Anyway, the aforementioned Survival International is dedicated to the rights of tribal peoples, including the dangerous and difficult task of advocating for the world’s uncontacted tribes, isolated peoples and ethnicities and lifestyles threatened with extinction. Here’s what Survival International had to say about it yesterday (after almost a week or so of Western-press feeding frenzy over the reports):

Survival International has lodged a formal complaint with authorities in the UK over the ‘highly offensive and ludicrous’ claims in the world’s press that a German tourist missing in the South Pacific has been ‘eaten by cannibals.’

In a letter to British regulator the Press Complaints Commission, Survival suggested that those newspapers that have described the indigenous people of the Pacific as ‘cannibals’ are promoting ‘a false and offensive notion that tribal people are primitive savages.’

At the same time, tribal people around the world have reacted with dismay to the reports. Benny Wenda, a Papuan man from the Lani tribe, said, ‘’We’re sick and tired of these stories. The reason they keep using the word ‘cannibal’ about us is because they think we’re savages. It’s like calling Germans today Nazis because of their past, or Britain a land where witches are burned at the stake, of child slavery and public executions. It’s just lazy, racist journalism.’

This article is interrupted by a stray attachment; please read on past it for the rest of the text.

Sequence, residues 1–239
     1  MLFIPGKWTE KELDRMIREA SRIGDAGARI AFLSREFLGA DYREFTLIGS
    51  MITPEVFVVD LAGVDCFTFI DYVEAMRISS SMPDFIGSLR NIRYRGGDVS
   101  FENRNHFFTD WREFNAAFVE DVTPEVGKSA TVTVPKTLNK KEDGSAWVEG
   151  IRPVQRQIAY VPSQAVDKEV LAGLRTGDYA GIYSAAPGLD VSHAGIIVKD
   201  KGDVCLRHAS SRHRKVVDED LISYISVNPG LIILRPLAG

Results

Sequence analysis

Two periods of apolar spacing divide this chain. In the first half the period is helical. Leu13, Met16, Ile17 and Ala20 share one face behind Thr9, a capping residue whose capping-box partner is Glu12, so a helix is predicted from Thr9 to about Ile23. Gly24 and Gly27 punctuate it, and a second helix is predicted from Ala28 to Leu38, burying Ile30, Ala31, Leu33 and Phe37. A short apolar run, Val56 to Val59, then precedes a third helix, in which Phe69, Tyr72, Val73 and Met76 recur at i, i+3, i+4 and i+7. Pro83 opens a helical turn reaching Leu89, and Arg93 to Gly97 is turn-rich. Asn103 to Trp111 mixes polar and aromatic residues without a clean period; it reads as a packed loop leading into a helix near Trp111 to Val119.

Deborah Kimitete, deputy mayor of Nuku Hiva island where the alleged murder took place, told the BBC , ‘We are very hurt by these accusations of cannibalism, which are completely false…. I don’t know why they talk about cannibalism, it’s like saying we found the same thing in England and we talk about cannibalism. It’s terrible to say that. Here, nobody talk about that – it’s not true. It’s not the case at all, and we’re very hurt.’

Survival International’s Director Stephen Corry said today, ‘Pretending that Stefan Ramin’s reported murder has anything to do with tribal cannibalism is absolute hogwash. It may sell newspapers, but is a highly irresponsible slur on the peoples of the Marquesas Islands. It worked to prop up nineteenth century land theft from tribal peoples, but has no place at all in modern journalism. The ‘cannibals’ here may include a sole deviant murderer, but in a way include the journalists, unthinkingly shoring up racist stereotypes with no thought for the harm they do to how tribal peoples are viewed and treated.’


Image from Survival International.